The idea that a few of the Congressional majority would actually force America into default and bankruptcy, bringing on, the Europeans feared, a world wide depression in order to stop people from getting health care, left them disillusioned with America’s political leadership.read more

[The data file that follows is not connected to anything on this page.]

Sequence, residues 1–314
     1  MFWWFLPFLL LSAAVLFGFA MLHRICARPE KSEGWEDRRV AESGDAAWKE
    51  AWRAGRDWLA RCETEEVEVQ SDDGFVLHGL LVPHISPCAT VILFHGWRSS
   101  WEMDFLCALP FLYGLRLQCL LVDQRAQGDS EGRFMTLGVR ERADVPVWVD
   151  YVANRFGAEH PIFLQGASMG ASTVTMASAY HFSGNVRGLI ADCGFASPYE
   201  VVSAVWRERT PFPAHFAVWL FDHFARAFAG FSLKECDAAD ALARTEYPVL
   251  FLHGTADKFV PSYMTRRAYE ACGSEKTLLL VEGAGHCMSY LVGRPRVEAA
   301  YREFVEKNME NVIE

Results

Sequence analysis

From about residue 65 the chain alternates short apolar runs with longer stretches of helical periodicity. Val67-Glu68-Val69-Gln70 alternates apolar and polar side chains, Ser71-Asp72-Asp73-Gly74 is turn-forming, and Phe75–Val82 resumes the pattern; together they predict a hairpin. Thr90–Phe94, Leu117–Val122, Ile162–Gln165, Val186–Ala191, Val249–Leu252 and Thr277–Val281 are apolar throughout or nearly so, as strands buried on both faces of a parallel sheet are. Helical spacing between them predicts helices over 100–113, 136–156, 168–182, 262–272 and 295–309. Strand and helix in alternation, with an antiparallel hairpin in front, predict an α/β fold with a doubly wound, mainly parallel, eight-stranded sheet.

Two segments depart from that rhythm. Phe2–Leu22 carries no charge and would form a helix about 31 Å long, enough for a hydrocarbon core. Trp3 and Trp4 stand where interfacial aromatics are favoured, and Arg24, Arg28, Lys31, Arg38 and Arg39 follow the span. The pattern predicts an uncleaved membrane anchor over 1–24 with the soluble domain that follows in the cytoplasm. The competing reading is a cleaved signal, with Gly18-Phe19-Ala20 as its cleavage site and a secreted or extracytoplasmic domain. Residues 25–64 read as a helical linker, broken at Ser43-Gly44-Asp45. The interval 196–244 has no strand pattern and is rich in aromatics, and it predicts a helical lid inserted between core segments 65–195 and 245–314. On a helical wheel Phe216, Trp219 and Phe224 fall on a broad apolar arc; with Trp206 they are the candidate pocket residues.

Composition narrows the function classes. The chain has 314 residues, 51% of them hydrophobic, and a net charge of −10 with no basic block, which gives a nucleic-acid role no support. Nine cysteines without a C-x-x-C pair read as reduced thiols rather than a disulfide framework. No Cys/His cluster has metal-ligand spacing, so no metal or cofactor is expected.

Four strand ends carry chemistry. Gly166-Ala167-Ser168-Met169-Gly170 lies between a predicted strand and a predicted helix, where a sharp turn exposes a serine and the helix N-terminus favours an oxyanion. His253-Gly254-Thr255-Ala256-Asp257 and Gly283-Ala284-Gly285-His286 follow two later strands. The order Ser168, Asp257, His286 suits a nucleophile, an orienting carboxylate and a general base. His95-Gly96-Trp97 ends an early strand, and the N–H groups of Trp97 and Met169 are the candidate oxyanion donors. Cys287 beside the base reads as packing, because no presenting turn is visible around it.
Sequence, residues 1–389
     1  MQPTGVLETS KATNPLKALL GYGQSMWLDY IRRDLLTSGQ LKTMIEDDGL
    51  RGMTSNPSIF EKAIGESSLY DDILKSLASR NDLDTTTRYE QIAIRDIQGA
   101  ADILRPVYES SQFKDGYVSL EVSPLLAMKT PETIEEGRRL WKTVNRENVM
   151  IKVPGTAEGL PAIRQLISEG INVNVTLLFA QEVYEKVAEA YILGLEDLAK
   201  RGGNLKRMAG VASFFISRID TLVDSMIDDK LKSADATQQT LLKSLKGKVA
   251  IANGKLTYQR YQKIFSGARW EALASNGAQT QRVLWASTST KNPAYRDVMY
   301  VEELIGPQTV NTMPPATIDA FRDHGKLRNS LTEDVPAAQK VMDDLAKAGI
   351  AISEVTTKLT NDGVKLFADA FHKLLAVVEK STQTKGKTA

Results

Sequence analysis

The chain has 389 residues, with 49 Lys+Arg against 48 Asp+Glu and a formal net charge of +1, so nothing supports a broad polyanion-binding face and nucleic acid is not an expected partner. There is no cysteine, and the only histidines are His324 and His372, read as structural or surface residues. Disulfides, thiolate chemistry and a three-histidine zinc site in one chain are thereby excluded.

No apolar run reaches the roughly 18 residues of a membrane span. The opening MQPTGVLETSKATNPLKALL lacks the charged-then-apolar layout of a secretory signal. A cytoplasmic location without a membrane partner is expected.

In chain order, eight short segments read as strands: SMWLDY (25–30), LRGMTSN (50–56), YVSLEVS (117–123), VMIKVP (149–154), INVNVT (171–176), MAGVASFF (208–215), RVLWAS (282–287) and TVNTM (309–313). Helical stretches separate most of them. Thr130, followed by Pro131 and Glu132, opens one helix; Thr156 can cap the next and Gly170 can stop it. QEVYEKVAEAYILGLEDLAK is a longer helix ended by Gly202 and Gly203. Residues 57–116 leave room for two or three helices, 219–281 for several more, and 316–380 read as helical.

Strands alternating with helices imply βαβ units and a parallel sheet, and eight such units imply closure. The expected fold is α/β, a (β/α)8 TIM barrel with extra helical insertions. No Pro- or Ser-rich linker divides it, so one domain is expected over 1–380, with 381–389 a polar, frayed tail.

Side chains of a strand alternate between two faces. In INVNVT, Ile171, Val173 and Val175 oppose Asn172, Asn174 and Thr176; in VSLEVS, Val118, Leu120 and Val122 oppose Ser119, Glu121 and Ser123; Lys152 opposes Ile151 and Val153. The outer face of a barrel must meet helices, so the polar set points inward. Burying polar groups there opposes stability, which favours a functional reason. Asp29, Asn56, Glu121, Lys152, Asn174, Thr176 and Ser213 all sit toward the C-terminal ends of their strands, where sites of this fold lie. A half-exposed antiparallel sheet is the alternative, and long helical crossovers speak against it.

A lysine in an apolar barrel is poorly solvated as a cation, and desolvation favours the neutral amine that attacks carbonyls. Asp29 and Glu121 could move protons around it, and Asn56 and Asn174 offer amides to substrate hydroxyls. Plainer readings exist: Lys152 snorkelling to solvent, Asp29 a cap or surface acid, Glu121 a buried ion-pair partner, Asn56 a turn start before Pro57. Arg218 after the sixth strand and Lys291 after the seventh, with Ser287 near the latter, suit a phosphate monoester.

I have made a decision. I will no longer debate the issue of homosexuality in the church with anyone. I will no longer engage the biblical ignorance that emanates from so many right-wing Christians about how the Bible condemns homosexuality, as if that point of view still has any credibility. I will no longer discuss with them or listen to them tell me how homosexuality is “an abomination to God,” about how homosexuality is a “chosen lifestyle,” or about how through prayer and “spiritual counseling” homosexual persons can be “cured.” Those arguments are no longer worthy of my time or energy. I will no longer dignify by listening to the thoughts of those who advocate “reparative therapy,” as if homosexual persons are somehow broken and need to be repaired. I will no longer talk to those who believe that the unity of the church can or should be achieved by rejecting the presence of, or at least at the expense of, gay and lesbian people. I will no longer take the time to refute the unlearned and undocumentable claims of certain world religious leaders who call homosexuality “deviant.” I will no longer listen to that pious sentimentality that certain Christian leaders continue to employ, which suggests some version of that strange and overtly dishonest phrase that “we love the sinner but hate the sin.” That statement is, I have concluded, nothing more than a self-serving lie designed to cover the fact that these people hate homosexual persons and fear homosexuality itself, but somehow know that hatred is incompatible with the Christ they claim to profess, so they adopt this face-saving and absolutely false statement.read more